When you talk 1970s single seater or prototype sports car racing the one constant is Cosworth. Whereas Ferrari, Renault and Porsche built their own engines, many prototype and single seater manufacturers opted for a customer engine namely something out of the Cosworth range. Cosworth’s true competitors included Hart, Judd and Ilmor, but it is Cosworth that has survived albeit through several owners.
Back in 1958, ex aeronautic engineers, Keith Duckworth and Mike Costin got together to build racing engines. They were both working for Lotus at the time when they branched out to form Cosworth. At that time Coventry Climax was the F1 and F2 customer engine with most manufacturers such as Cooper using their designs.
In the late 1950s, British engineering was thriving and there was a group of engineers like Duckworth and Costin who were pushing the boundaries of technology. Costin’s brother Frank, was getting involved in motorsport and helped found the Marcos sports car company and other engineers like Colin Chapman were part of this unofficial group of young talent.
Chapman, the founder of Lotus, saw the future with Cosworth and they developed a relationship that lasted 25 odd years. The first engines by Cosworth were based on Ford designs, i.e. they retuned Ford engines and they were fitted to early Lotus models by Chapman.
Cosworth’s relationship with Ford was strong for many years as they used the blocks to build Formula 3 and then Formula 2 engines. This lead to Ford commissioning a V8 Formula 1 engine – the DFV (Double Four Valve). Chapman had persuaded Ford to stump up the cash, hence it was named the Ford DFV. This engine won 167 races and even won it’s first race in 1967 with Jim Clark in a Lotus. It became one of the staple customer engines and used by many F1 teams such as Tyrrell, Shadow, March and many more – mostly British constructors.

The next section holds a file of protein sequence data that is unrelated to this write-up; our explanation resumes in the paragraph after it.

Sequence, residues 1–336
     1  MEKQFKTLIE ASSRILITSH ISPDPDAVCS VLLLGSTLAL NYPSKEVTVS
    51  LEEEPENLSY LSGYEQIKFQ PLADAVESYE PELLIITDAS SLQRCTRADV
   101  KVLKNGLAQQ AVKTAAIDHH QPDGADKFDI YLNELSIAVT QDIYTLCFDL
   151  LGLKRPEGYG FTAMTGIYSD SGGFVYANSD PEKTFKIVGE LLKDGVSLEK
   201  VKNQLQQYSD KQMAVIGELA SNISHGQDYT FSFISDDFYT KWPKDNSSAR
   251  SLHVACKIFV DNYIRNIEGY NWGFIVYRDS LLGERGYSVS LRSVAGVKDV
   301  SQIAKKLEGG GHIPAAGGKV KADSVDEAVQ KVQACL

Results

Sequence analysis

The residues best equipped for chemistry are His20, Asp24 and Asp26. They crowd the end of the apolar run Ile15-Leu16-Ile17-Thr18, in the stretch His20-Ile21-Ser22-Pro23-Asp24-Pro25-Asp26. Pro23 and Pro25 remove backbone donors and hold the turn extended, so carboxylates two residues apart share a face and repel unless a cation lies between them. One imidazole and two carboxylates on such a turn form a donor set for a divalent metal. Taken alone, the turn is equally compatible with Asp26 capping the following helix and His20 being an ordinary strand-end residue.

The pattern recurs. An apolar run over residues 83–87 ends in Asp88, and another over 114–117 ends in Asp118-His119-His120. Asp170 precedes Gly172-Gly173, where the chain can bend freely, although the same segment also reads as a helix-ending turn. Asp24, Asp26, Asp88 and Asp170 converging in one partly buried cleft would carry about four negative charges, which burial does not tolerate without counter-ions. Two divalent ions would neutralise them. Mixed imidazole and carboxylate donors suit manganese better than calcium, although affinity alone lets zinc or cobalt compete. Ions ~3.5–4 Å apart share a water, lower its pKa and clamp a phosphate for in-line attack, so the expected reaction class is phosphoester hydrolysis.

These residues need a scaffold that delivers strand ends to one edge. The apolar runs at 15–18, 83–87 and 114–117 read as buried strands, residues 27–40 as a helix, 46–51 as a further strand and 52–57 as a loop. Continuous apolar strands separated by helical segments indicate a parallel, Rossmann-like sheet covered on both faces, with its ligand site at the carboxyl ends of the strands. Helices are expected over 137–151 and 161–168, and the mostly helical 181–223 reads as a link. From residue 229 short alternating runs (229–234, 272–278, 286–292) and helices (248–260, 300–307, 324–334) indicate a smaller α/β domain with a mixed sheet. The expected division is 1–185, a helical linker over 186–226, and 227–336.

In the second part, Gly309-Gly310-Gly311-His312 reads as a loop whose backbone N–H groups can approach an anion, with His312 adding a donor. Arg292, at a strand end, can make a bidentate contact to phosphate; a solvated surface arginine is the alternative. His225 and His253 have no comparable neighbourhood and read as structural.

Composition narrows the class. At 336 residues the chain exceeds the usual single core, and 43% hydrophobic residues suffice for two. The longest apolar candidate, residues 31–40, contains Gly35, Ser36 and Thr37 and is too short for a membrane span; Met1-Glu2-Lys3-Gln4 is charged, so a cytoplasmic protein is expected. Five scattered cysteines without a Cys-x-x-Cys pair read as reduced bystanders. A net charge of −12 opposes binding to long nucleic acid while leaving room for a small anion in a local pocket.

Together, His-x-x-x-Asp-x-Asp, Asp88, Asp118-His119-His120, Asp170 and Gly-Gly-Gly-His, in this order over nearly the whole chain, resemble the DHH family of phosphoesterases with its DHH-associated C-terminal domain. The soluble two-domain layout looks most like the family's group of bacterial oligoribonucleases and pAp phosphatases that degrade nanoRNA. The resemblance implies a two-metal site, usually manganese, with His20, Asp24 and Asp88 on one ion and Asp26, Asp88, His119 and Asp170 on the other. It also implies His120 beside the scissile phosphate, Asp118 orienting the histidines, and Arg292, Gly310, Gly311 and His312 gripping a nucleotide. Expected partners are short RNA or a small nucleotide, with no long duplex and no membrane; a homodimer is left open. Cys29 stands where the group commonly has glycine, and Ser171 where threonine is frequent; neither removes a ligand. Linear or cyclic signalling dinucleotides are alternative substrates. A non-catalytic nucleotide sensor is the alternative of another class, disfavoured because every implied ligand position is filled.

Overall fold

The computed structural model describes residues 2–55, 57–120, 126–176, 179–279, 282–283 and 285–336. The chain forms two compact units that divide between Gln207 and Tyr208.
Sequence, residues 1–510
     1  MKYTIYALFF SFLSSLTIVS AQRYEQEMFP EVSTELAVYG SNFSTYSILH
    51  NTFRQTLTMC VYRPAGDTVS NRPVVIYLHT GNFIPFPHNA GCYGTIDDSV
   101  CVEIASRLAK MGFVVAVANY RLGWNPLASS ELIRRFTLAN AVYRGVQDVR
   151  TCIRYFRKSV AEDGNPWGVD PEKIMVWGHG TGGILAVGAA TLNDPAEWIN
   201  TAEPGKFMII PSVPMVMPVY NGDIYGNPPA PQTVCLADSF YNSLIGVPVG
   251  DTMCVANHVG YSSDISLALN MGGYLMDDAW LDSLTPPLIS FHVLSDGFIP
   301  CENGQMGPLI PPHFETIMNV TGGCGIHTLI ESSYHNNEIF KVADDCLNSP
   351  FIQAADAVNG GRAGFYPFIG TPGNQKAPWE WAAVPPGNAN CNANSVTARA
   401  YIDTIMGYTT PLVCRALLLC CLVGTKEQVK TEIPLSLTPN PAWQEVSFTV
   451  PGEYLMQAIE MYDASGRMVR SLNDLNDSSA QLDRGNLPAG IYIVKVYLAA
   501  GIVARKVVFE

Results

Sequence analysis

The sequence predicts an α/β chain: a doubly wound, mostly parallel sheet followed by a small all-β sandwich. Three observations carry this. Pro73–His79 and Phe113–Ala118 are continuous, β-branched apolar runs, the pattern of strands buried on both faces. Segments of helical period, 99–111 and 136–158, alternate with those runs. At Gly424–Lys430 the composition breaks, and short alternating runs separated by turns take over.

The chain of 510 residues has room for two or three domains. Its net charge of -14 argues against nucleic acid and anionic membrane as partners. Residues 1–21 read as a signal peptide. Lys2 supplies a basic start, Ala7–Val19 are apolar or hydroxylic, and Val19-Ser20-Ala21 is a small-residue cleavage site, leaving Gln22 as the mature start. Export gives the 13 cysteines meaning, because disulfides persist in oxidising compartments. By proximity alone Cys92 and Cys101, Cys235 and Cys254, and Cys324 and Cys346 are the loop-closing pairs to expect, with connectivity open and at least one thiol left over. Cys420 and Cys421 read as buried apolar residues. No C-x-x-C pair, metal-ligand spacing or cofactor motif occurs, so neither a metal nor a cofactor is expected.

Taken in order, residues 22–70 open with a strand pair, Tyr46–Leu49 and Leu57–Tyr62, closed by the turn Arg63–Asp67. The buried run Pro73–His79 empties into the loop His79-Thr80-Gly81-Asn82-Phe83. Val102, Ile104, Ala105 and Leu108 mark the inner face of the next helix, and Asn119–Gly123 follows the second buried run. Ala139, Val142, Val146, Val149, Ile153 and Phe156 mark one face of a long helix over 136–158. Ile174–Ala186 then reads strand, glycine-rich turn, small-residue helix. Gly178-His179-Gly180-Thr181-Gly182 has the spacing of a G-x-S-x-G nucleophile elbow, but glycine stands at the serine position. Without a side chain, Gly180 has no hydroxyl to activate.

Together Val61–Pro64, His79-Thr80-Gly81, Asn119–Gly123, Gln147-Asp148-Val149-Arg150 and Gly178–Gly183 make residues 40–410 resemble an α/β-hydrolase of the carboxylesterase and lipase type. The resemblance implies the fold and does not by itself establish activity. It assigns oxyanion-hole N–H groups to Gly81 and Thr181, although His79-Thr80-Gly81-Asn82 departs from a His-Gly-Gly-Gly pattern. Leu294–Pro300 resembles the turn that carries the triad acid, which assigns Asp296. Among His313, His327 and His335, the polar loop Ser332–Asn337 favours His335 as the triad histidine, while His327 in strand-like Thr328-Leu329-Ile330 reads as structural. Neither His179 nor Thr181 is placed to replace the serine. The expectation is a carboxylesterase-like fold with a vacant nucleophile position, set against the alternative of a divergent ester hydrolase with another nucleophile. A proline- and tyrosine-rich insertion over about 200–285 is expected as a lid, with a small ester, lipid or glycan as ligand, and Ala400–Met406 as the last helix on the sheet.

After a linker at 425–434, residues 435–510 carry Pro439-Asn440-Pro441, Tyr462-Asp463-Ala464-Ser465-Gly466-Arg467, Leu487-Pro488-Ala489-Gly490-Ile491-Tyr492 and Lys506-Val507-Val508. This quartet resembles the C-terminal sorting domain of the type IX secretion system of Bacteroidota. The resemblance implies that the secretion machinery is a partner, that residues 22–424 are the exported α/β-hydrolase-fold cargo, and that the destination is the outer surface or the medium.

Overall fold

The DFV was developed further as the DFY for sports car racing and the DFX for the US based single seater championships. Aside from this engine, Cosworth made smaller engines from Ford pieces for other racing series and collaborated with Ford on some road cars, notably the Cosworth series (the Sierra, Escort and RS Cosworths come to mind). I also discovered a few years back that they collaborated with Chevrolet. I was at the Cars ‘n’ Coffee at Blackhawk Museum in northern California and stumbled across a Chevrolet Vega and the owner proudly told me that his car was one of a handful left on the road. They appeared to be a limited run anyway!
In 1980, Duckworth wanted to step down from running the company and it was sold to United Engineering Industries, a group of technology companies, and he retained a technical role. 8 years later, UEI was bought by Carlton Communications who felt that the Cosworth part of the group didn’t fit with their portfolio and they on sold the company to Vickers, the defence and technology group.
After another 8 years of ownership, Vickers sold the company to VW who split the group into Cosworth Racing and Cosworth Technology. The Racing division was still successfully building racing engines based on Ford, so it was logical for Ford to buy this piece. The Technology division was ultimately sold in 2004 to the Mahle Group, a German automotive parts company founded in 1920. Audi drivers will recognise Cosworth as a provider of technology especially if you drive an aluminium A/S8!
The same year that Mahle bought the technology division, Ford sold the Racing division to Gerald Forsythe (of Forsythe Racing) who renamed it back to Cosworth.
Have a look at cosworth.com, they still manufacture a range of engines including tuned Subaru motors. They are still a significant development company for the internal combustion engine with the Ford DFV as their crowning glory!